Friday, February 18, 2011

Indians in Business Novels

That Indian characters are increasingly finding a central place in Business Novels is a sure sign of Indians having arrived. At least in Harvard Business Review Press books. However, if the author is not very conversant with the culture, it could lead to some awkward situation. Especially, when the culture in India is as varied as it is.

In the otherwise delightful and very knowledge-imparting business novel,What I Didn't Learn in Business School by Jay B. Barney and Trish Gorman Clifford, Vivek Chatterjee (the almost central character) is "a native of India with a PhD in chemical engineering from the University of California at Berkley."

Stereotyping is to be, of course, expected. "Turns out that Vivek and I [Justin Campbell - the central character] had something in common. He was once a good cricket player, and I once saw a cricket bat."

But what I found very amusiing is the following extract:

Bill entered the room with his hand extended and a smile on his face. Vivek was closest and introduced himself.
"Hello, I am Vivek Chatterjee And these are my colleagues Justin Campbell and Gordon Lee." Bill turned to Vivek, quickly withdrew his hand from the handshake, brought the palms of his hands together, and bowed slightly.
Vivek did the same and responded, "Namaskar."

Hmmmm... I think the authors have heard that Indians greet each other with a Namaskar or Namaste and they wished to show how culturally senstive they are. I have never seen Indians in formal business meetings greeting each other in this manner, and I have lived here all my life! The real life Vivek Chatterjee would have been equally amused.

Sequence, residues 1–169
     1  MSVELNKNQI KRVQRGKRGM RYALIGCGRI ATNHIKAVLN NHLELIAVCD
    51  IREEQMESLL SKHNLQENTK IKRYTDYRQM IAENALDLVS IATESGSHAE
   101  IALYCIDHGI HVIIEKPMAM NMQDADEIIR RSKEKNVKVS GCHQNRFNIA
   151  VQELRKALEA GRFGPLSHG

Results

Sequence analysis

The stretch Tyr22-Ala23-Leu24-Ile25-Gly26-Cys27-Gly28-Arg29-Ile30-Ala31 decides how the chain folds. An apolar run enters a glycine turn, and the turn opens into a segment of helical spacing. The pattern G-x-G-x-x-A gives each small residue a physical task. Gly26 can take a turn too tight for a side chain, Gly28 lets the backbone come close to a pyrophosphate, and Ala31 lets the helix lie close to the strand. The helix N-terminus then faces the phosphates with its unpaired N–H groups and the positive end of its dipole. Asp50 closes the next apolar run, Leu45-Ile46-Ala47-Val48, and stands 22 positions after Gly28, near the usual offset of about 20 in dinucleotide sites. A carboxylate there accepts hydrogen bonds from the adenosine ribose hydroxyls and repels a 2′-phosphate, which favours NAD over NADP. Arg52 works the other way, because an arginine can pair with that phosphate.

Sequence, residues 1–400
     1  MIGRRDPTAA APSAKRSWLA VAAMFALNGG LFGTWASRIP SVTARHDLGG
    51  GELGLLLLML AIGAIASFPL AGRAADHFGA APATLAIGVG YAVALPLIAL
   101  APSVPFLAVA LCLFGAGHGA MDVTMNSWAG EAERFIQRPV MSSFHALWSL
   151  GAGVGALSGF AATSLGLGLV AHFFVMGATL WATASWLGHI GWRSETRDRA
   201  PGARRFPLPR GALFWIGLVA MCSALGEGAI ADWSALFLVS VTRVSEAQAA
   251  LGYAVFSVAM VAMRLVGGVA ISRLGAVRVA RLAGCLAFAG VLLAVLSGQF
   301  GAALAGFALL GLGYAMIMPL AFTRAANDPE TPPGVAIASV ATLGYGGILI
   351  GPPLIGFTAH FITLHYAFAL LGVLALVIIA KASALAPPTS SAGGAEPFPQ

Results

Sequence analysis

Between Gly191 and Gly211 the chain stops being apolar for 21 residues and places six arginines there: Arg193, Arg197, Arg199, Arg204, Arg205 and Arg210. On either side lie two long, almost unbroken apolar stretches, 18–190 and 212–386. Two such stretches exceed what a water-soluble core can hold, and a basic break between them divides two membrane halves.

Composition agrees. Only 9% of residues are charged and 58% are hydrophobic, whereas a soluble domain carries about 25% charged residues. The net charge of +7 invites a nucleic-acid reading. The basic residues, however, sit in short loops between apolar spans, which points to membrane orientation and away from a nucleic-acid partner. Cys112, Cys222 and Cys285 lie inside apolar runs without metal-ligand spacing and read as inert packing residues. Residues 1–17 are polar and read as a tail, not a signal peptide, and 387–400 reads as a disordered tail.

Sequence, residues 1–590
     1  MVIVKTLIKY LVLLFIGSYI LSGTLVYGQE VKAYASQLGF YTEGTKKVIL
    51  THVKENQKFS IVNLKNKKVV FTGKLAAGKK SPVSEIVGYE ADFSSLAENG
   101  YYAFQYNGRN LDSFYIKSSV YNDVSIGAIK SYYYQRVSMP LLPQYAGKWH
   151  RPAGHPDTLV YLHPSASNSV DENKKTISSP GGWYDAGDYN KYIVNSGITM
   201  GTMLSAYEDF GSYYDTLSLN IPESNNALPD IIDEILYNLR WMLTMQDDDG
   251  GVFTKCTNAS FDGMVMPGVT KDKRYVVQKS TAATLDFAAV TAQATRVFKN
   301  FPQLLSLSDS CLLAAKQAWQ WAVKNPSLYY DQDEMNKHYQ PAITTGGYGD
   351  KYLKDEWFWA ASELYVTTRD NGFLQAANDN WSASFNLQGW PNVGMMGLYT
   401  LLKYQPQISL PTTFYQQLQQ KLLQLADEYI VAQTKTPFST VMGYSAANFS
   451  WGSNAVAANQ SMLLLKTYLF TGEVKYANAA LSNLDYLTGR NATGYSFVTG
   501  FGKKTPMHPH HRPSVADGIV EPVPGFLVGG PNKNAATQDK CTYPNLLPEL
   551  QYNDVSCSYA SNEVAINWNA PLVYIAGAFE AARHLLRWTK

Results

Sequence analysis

Please don't get me wrong. I immensely enjoyed the novel. I would rate it as high as The Goal. It has the same quality as the Goal that makes you want to read it again and again. The theme is gradually elaborated and you feel as if you are part of the whole experience. Also, at the end of each chapter there what are called the Reflection Questions. Meditating a while on these questions could be a learning experience. I was very impressed with was the Reading List that is the end of the novel. Very neat list.

I really wish the authors come up with a series of Justin Campbell novels so that, along with Justin, we too discover "How Strategy Works in the Real World."

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1 comment:

Anjana said...

I feel that sometimes stereotyping is because of lack of imagination. But very often, stereotyping is deliberate. It is one way in which the more advanced nations cope with our growth and success. It is their way of showing us where we come from. Stereotyping apart, what i find really annoying is when people write books on India without getting some of the facts right. William Dalrymple's book 'Nine Lives' refers to a Malayalee as a 'Keralan'. Although I loved the book, that chapter left me with a bad taste in my mouth. Maybe I should blame the editor in this case...

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